Best time: Feb-Dec. The Maldives isn’t just mushy, it’s also where you can swim beside the biggest fish in the world: the whale shark. Suited to strong swimmers and divers, work is mainly out at sea picture ID’ing the phenomenal fish and entering your accurate data onto a database. Community involvement includes hosting activities to spark the interest of local school kids.
Best time: Feb-Nov. An intensive dive-heavy option, marine conservation in Mexico involves living on a deserted beach for a minimum of 4 weeks assessing the health of the second largest coral reef system in the world. Collecting crucial data, you will be the only people diving in the Biosphere Reserve, surveying the deserted reefs under a special research permit.
Best time: Jan-Nov: An natural utopia, the Seychelles are a serene set of islands, but the conservation work that needs doing there is tough: long days, early starts and lots of fantastic diving. Another option is turtle conservation with a difference – conducting in-water surveys by snorkelling and collecting data on endemic species via long, lush hikes.
Best time: Feb-Aug. Striking a brilliant balance between engagement with the local community and marine conservation, a whale and dolphin project in South Africa is all about empowering the community to become actively involved in the conservation effort. Besides sampling, tagging and monitoring fish, you’ll raise awareness in local schools and replant trees.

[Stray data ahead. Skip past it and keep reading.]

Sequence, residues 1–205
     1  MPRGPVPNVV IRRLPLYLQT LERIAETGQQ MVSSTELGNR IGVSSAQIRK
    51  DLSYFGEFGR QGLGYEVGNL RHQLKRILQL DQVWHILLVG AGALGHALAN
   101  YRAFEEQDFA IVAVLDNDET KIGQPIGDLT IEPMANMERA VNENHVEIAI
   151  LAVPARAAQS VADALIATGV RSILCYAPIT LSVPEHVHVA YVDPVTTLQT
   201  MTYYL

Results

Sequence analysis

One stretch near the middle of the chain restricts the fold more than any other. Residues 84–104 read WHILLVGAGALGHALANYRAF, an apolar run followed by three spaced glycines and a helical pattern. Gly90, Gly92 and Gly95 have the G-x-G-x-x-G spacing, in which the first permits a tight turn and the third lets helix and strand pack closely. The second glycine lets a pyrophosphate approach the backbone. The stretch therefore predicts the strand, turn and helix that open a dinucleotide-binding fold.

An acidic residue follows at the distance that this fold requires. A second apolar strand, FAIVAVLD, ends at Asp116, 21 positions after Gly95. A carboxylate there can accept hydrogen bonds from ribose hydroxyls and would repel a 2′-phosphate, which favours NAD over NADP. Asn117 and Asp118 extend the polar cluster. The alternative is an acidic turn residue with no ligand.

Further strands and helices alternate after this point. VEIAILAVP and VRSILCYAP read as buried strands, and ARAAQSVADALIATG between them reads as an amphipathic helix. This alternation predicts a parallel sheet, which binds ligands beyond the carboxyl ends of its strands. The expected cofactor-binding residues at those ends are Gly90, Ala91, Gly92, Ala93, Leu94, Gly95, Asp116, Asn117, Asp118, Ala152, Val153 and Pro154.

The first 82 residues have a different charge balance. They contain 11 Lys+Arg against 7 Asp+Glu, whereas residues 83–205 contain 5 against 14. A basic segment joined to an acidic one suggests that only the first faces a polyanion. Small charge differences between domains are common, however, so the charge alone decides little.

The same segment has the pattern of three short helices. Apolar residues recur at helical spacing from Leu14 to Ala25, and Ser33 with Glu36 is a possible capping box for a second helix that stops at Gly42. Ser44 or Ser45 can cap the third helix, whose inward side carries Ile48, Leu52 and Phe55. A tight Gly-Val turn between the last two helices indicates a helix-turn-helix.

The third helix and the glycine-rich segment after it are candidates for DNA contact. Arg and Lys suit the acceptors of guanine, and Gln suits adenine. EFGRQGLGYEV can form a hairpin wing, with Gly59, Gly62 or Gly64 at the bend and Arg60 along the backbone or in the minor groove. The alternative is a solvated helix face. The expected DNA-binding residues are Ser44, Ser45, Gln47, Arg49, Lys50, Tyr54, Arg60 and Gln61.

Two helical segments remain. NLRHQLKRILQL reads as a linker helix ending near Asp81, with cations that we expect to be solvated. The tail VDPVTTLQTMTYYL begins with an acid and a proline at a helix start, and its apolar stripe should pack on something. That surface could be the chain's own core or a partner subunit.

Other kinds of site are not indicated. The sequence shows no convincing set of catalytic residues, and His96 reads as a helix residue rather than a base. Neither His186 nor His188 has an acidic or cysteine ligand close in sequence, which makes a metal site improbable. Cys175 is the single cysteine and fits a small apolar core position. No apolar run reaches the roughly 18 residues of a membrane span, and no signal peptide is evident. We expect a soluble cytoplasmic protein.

Best time: Year round. Known for its incredible diving, many people flock to Thailand’s idyllic islands to qualify as divers and help protect the all-important coral found off the country’s stunning shores. Studying turtle behaviour and nesting patterns is popular too, with the aim to understand why the beautiful leatherback, green and olive turtles there are sadly dying out.
Typical daily timetables
WHAT WILL I BE DOING ON A MARINE CONSERVATION HOLIDAY?
Marine conservation in Belize (from 1 week):
• 6am: Tea, fruit
• 7.30am: First dive – lobster survey, commercial fish survey, lionfish spearing
• 9am: Big cooked breakfast; training – coral ID or fish ID session
• 11.30am: Second dive – coral watch, ID session fish, lobster/conch survey
• 1pm: Lunch - burrito
• Free time
• 3.30pm: Third dive – coral watch survey
• 7pm: Dinner – fresh fish, rice, okra,
• Evening: Relax, socialise; presentation on the marine environment or the organisation.
Turtle conservation in Costa Rica (from 1 week):
• 7pm-5am: Rotating 4-hour beach patrols
• 9am: - Tico-style breakfast with fruit, rice and beans, toast, cereal and pancakes.
• 10am - 1pm: Hatchery duties, logging of turtle data acquired overnight, releasing baby turtles if necessary and in season (Sep-Dec)
• 1pm: Lunch - Costa Rican/international
• 2pm - 6pm: downtime to explore or have a nap
• 7pm: Dinner - Costa Rican/international
• Evening: Relax, socialise; two patrols of 4 hours long each.
Marine conservation project in the Seychelles (from 4 weeks):
• 5am: Helping out – cooking, cleaning, general prep
• 7am: Breakfast
• 8.30am: Prep boats and dive kit
• 9am: Dive boats leave in waves every two hours
• 1pm: Lunch
• Afternoon: Those not diving - entering data, studying skills, preparing English lessons for local kids, beach cleans
• 3-5pm: As last boats come in: clean kits, prepare equipment for next day
• Evening: dinner, de-brief, discussions, make plans for next day